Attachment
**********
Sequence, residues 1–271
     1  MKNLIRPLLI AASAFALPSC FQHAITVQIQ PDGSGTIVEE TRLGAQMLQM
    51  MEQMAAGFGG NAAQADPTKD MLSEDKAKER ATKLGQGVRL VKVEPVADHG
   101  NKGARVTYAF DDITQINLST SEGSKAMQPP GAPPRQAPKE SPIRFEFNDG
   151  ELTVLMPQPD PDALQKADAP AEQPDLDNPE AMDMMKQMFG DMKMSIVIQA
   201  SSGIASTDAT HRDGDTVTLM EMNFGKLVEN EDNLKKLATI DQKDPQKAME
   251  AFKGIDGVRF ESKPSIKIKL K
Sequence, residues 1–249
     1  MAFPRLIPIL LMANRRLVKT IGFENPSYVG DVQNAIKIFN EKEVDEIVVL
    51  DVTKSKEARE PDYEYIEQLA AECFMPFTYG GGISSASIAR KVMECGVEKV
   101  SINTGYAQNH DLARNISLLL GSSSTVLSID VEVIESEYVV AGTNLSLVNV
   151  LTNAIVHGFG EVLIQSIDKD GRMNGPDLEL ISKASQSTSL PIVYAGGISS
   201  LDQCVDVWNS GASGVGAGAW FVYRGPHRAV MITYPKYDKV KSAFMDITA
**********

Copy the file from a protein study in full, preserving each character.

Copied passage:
Sequence, residues 1–271
     1  MKNLIRPLLI AASAFALPSC FQHAITVQIQ PDGSGTIVEE TRLGAQMLQM
    51  MEQMAAGFGG NAAQADPTKD MLSEDKAKER ATKLGQGVRL VKVEPVADHG
   101  NKGARVTYAF DDITQINLST SEGSKAMQPP GAPPRQAPKE SPIRFEFNDG
   151  ELTVLMPQPD PDALQKADAP AEQPDLDNPE AMDMMKQMFG DMKMSIVIQA
   201  SSGIASTDAT HRDGDTVTLM EMNFGKLVEN EDNLKKLATI DQKDPQKAME
   251  AFKGIDGVRF ESKPSIKIKL K
Sequence, residues 1–249
     1  MAFPRLIPIL LMANRRLVKT IGFENPSYVG DVQNAIKIFN EKEVDEIVVL
    51  DVTKSKEARE PDYEYIEQLA AECFMPFTYG GGISSASIAR KVMECGVEKV
   101  SINTGYAQNH DLARNISLLL GSSSTVLSID VEVIESEYVV AGTNLSLVNV
   151  LTNAIVHGFG EVLIQSIDKD GRMNGPDLEL ISKASQSTSL PIVYAGGISS
   201  LDQCVDVWNS GASGVGAGAW FVYRGPHRAV MITYPKYDKV KSAFMDITA